Sarah joined the team at Royal Aberdeen Children’s Hospital as Archie Play Leader on 1st December 2018. While play is at the Centre of what Sarah does, the support she provides for young patients and their families is far more serious. Through play Sarah provides reassurance, company and comfort for young patients helping to keep their spirits up and their worries down. She supports children of all ages from babies to teens and from long-term patients with complex needs through to day-cases who can be in and out in a matter of hours with barely enough time to play a game of snap.
Sarah takes great pride in tailoring the support she provides making it a really special and meaningful experience for every child she supports.
Sarah is a key support for the medical team on the wards too, helping to distract children while doctors and nurses carry out procedures. She is also a great source of company, advice and support for parents who appreciate seeing a friendly and familiar face on the wards. Parents regularly feedback to Sarah and to Archie how grateful they are for the guilt-free opportunities that her presence, attention and care affords them to take a break from their child’s bedside to grab a coffee or even a bit of rest for those who are staying in the Archie Family Centre.
Archie funding back in 2014 enabled NHS Grampian to employ, for the first time, a dedicated Paediatric Pain Clinical Nurse Specialist. This role is currently held by Emily Dunne, who works with young patients dealing with acute pain and/or chronic pain at RACH and through outreach clinics and video consultancy.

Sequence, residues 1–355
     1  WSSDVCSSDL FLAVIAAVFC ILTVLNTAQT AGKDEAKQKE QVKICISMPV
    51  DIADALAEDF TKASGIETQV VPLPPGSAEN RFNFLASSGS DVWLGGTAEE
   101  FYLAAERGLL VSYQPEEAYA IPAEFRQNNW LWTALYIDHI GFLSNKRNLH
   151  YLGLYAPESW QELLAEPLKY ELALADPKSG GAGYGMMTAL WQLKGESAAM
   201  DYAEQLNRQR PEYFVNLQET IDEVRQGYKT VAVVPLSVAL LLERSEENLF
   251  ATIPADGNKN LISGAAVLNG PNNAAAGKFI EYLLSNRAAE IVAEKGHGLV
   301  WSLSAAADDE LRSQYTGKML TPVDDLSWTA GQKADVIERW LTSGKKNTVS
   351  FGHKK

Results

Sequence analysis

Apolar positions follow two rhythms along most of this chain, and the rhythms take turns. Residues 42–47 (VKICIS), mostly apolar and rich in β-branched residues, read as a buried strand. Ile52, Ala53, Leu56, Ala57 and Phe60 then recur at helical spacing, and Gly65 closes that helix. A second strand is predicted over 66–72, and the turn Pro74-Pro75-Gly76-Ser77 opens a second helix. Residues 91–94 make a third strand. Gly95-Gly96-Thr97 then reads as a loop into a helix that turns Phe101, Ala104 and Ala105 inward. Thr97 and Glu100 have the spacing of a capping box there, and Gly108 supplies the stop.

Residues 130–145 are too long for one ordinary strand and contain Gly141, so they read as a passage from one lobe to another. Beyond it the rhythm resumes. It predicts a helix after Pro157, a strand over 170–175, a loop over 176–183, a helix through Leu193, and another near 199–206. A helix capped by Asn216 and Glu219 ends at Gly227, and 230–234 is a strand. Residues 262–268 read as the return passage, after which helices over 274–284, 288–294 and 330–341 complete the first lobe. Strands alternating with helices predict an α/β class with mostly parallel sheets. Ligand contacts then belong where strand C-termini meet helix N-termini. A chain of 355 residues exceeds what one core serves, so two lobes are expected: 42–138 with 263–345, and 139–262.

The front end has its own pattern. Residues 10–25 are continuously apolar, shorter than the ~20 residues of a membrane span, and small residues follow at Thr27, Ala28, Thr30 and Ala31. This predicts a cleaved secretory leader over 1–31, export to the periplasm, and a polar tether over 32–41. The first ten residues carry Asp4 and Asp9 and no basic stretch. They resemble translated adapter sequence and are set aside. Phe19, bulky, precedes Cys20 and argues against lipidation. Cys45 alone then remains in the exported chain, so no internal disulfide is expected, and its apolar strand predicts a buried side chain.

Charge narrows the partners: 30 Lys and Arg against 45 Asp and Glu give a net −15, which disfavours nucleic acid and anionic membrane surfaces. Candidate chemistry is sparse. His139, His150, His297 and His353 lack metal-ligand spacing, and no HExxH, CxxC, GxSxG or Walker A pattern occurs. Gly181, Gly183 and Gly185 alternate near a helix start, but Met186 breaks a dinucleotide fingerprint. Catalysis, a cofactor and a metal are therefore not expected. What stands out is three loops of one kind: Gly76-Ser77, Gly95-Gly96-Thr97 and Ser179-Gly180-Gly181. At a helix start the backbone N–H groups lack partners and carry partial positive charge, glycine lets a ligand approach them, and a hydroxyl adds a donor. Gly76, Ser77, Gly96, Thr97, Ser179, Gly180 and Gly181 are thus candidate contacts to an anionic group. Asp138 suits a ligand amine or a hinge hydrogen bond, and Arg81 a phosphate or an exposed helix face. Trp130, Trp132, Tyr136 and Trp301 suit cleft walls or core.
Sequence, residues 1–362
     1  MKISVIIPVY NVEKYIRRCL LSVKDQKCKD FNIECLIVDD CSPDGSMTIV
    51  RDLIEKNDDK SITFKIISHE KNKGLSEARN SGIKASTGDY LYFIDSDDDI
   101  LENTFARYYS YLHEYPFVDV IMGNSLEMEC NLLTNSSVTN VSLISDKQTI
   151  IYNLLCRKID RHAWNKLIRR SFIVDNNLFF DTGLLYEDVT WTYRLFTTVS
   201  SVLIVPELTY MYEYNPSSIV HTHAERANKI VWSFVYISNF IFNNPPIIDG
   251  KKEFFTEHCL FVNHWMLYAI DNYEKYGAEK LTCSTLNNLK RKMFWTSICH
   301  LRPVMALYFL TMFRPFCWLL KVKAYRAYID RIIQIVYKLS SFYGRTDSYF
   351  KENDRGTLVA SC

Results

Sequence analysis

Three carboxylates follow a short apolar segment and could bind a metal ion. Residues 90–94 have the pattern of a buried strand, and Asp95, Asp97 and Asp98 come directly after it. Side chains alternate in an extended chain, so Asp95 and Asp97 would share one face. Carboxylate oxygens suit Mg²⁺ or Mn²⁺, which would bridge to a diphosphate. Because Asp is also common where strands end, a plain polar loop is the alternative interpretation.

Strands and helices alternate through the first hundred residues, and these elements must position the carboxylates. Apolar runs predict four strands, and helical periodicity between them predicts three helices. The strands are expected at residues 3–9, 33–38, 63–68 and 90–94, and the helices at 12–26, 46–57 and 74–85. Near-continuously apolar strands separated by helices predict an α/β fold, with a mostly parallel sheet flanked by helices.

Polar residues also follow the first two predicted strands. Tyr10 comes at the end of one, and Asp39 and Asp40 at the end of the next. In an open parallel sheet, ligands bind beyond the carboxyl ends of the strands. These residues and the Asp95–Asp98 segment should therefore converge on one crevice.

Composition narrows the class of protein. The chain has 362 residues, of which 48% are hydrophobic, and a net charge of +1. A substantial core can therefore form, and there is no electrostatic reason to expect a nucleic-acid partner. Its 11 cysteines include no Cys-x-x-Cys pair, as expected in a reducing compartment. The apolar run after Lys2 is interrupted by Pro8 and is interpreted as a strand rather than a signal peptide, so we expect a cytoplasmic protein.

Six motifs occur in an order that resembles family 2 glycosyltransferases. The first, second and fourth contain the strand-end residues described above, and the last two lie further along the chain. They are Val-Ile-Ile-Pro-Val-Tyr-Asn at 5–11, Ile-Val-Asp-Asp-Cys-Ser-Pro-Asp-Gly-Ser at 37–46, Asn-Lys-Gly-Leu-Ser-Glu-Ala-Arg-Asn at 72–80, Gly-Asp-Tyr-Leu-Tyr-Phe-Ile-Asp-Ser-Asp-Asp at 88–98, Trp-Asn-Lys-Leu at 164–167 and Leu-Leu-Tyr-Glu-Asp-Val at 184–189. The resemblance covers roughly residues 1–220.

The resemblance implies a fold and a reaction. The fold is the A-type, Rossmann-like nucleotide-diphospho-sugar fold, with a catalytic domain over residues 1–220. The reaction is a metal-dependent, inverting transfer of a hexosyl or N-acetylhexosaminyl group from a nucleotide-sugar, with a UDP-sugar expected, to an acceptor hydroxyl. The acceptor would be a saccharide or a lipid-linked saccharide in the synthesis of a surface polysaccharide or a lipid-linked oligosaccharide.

Acute pain is classed as pain which has occurred suddenly for example due to a broken limb or illness. This can be treated with pain relieving medications, or more invasive options such as a morphine infusion. Epidurals can also be used post-surgery, and patients can be distracted which often sees Emily working in partnership with Archie Play Leader Sarah.
When helping patients who are facing chronic pain, a more complex, long-term approach is required. Chronic pain can affect every single aspect of your life – school, play, sleep and how you get on with family. In these situations it’s not all about pain relief, it’s also psychological because pain can be quite disabling.
Part of Emily’s role is also to train nursing staff in order to increase the number of nurses who have specialist skills in pain management at RACH, which of course has a clear benefit to patients and their families.
Emily also provides support for palliative care patients. This is a vital service that makes a really important difference to children and families at the most difficult of times.
This vital role would never had existed at RACH had it not been for Archie and our highly valued supporters. Thousands of children had benefitted enormously as a result of this service.